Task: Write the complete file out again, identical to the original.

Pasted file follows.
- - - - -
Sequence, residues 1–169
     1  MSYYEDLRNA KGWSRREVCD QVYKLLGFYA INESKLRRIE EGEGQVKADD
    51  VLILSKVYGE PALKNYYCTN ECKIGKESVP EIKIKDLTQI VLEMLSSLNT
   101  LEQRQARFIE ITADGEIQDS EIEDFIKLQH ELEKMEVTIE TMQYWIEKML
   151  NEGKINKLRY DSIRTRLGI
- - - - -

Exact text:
Sequence, residues 1–169
     1  MSYYEDLRNA KGWSRREVCD QVYKLLGFYA INESKLRRIE EGEGQVKADD
    51  VLILSKVYGE PALKNYYCTN ECKIGKESVP EIKIKDLTQI VLEMLSSLNT
   101  LEQRQARFIE ITADGEIQDS EIEDFIKLQH ELEKMEVTIE TMQYWIEKML
   151  NEGKINKLRY DSIRTRLGI